Waiver of Constitutional Rights

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A potential beneficiary may waive almost any constitutional claim. Rights not of constitutional dimension also may be waived. The Supreme Court has struggled with the questions whether any special doctrine governs waivers of constitutional rights and, if so, whether the special doctrine applies to all constitutional rights. These waiver issues, like much of the rest of constitutional law, took on massive new proportions with the rapid expansion of constitutional rights in the 1960s and 1970s. Prior to that era, there were relatively few rights eligible for waiver.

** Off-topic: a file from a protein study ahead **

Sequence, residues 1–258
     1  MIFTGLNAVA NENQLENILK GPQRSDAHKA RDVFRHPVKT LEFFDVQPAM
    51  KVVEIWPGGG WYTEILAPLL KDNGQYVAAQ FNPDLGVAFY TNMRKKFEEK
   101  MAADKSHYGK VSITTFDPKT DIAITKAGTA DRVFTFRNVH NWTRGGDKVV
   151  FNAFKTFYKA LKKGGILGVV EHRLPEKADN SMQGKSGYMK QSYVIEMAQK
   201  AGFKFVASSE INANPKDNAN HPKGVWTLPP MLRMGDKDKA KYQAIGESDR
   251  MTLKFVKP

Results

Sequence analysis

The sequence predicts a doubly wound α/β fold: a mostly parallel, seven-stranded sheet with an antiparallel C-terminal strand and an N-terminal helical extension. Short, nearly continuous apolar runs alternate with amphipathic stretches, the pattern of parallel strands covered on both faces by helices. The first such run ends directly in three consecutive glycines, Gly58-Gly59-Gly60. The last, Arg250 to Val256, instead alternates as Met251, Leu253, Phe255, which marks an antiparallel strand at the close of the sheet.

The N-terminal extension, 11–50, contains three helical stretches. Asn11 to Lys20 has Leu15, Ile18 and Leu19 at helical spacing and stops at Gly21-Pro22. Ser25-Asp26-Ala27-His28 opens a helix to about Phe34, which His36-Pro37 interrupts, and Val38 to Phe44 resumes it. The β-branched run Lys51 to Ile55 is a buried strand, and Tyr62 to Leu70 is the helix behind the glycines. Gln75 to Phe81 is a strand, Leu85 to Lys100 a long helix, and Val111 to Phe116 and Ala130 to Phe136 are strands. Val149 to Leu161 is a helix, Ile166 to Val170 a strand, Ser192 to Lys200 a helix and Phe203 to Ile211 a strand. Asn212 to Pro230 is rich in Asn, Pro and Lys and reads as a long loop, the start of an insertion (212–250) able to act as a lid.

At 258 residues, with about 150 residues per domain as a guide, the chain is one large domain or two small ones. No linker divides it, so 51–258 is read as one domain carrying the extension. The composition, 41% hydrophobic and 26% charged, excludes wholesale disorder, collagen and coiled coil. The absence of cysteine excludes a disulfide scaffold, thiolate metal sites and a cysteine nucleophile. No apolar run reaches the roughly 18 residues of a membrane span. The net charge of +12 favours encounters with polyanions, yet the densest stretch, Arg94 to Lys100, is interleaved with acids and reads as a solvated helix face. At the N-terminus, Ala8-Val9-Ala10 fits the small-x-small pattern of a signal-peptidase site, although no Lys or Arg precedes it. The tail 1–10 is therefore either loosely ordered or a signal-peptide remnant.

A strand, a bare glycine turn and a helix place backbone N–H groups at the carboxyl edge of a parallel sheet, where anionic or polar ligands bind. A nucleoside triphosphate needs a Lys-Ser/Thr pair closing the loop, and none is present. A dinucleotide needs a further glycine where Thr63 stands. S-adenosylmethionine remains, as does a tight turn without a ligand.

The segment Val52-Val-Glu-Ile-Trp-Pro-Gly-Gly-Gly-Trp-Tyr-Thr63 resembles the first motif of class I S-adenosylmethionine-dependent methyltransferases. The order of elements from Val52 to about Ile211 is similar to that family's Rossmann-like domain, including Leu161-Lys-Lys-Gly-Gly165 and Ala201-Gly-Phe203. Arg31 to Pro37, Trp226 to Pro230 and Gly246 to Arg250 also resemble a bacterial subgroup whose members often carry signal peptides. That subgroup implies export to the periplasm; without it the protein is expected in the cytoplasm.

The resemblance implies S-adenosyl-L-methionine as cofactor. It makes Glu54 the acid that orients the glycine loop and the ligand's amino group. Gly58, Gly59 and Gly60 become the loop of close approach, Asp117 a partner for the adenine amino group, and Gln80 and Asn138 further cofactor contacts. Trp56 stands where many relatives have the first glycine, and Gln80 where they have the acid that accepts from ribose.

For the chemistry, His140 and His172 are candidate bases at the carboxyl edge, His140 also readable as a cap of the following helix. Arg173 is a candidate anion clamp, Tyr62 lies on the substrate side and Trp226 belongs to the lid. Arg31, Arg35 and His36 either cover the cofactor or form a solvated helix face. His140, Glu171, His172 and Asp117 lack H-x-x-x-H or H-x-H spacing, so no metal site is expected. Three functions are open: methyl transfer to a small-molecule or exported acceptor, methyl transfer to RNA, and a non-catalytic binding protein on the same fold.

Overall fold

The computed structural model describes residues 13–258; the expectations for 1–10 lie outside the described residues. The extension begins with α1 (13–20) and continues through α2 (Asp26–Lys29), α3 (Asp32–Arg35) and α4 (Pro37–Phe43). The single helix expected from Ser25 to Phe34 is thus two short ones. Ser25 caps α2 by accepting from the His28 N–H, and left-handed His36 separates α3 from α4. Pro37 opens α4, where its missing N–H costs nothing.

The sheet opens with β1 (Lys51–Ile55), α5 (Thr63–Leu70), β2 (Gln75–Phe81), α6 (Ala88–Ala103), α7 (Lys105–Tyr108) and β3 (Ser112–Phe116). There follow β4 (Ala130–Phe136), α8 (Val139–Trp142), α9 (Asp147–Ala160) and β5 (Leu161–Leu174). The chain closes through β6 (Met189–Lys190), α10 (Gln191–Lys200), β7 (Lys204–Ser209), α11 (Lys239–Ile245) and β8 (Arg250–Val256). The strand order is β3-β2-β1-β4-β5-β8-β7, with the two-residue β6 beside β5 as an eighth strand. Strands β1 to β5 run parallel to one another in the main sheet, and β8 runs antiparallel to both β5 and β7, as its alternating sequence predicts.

Distinctions between waivers of constitutional rights and waivers of other rights do not appear in very early cases. The most frequent waiver issue probably was whether a civil litigant had waived the seventh amendment right to trial by jury. Hodges v. Easton (1882), a case raising this issue, was the setting for one of the Supreme Court's important statements concerning waiver. In Hodges the Court acknowledged that litigants may waive the right but cautioned, in an oft-quoted statemt that seemed to contemplate special treatment for waivers of constitutional rights, that "every reasonable presumption shold be indulged against … waiver."